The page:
Editor’s note: Eric Jackson, a technology consultant and developer, is a regular contributor to Local Tech Wire. His column appears on Tuesdays.A few weeks ago I glanced over at the cover of the most recent issue of Business 2.0 and saw a title which annoyed me: “Management Secrets of Toyota”.

Admittedly, I was already in a bad mood that day. And I certainly don’t mean to pick on Business 2.0 in particular. Check out the magazine racks and you will find much more of the same. Secrets of a great sex life. Secrets of innovation. Secrets of success. Over and over, the implication that here, at last, is that one piece of information that we have been missing, the one little tidbit that will bring all of it together and tell us how to be better lovers, lose weight, manage well, and compete globally.

Will we ever learn?

It is only fair that I begin by admitting the unsurprising fact that I am no more immune than anyone. I am constantly tempted by the idea that there might be a simple, no, scratch that, easy answer. Whether book, magazine, piece of software, or gadget, I find myself entertaining the hope that this, finally, will be it. Never mind that, half the time, there is only the most tenuous connection between it and any problems I might actually have.

Secrets aren’t really secret

Now, I do believe in the progress of ideas in human affairs. While most of the time, the answers we need are simple, well-known, and ancient, still there are new things to learn, new ideas to be shared, and great value in the sharing.

The fact is, though, that the “secrets” of success are never secret. The word has been out on Toyota’s management practices for a good many years. The “secrets” of Dell, Southwest, Walmart, GE and every other company who is or has been a success have generally been quite visible, and well studied. Time and again a company that is experiencing notable success cooperates fully with researchers and media to explain just what it is they are doing right. They describe in detail the “secrets” of their success and continue to trounce their competition.

Many of these ideas are indeed innovative and that is an important part of their success. But the innovation, the new “idea” is only the start. What is critical is the execution. Almost every management fad that has come and gone over the last few decades has been as valid, if not perhaps as universally so, as its proponents have claimed. From re-engineering to learning organizations to lean manufacturing, from MBO to MBWA, the ideas are good, the techniques effective. And every one is very hard to do well.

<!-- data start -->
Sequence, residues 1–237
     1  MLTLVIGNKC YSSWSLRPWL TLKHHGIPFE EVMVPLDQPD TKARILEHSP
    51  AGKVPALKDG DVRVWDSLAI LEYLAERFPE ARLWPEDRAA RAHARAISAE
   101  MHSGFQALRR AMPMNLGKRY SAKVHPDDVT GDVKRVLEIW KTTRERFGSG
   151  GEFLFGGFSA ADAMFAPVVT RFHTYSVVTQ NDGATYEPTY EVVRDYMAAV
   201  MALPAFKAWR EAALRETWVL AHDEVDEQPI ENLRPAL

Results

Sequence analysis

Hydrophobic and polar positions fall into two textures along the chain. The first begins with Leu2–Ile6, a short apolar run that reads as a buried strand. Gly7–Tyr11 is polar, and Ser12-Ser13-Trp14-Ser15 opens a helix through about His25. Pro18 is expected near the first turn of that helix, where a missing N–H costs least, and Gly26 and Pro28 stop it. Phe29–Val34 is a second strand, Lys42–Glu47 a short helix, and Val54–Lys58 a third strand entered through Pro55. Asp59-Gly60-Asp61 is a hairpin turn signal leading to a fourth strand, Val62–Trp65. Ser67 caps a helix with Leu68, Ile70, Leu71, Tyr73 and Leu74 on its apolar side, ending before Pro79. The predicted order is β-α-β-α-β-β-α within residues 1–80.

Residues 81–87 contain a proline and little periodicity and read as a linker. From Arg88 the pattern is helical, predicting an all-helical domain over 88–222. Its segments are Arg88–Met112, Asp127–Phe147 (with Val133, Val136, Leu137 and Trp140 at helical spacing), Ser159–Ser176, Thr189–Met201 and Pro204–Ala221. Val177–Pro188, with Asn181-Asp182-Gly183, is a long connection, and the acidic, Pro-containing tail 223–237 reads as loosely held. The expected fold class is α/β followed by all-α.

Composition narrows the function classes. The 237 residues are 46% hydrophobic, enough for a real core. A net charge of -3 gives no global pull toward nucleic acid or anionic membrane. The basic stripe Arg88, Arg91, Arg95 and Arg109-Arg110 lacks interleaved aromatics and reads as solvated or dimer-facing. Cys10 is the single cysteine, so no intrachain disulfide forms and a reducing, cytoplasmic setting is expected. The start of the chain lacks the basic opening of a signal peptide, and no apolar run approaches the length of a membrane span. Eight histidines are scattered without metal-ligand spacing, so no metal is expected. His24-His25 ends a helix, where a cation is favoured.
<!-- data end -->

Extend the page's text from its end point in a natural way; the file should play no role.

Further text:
That is the real secret. Management by wandering around requires that we manage, as well as wander. And of course we never can get away from all the basics: good process, paying attention, caring about our customers, caring about our employees, aligning actions with goals, et cetera, et cetera, et cetera.

But what’s the harm, anyway?

Beware the easy out

The harm is that thinking there is a secret to be discovered handicaps us. It predisposes us to seek the easy out, to wait for the “right” tool, method, or time. It inclines us to see the causes of our problems in circumstances, rather than accepting full responsibility for how things come out. This is true in all areas of life, of course, but let’s at least admit it in business. Toyota doesn’t have any secrets. We’ve known for years how they do it. The only problem is, it’s really hard. So let’s take their ideas and get to work, or come up with our own, and get to work on those, and leave the headlines about secrets for our sex lives.

Sorry, I’m just in a cantankerous mood. I’ll try to cheer up by next week so that I can get back to revealing the secrets of business success.

Ideas? Suggestions? Contact Eric at eric@deepweave.com

Eric Jackson is the founder of DeepWeave. He has built his career pioneering software solutions to particularly large and difficult problems. In 2000, Eric co-founded Ibrix, Inc. He is the inventor of the Ibrix distributed file system, a parallel file storage system able to scale in size and performance to millions of terabytes.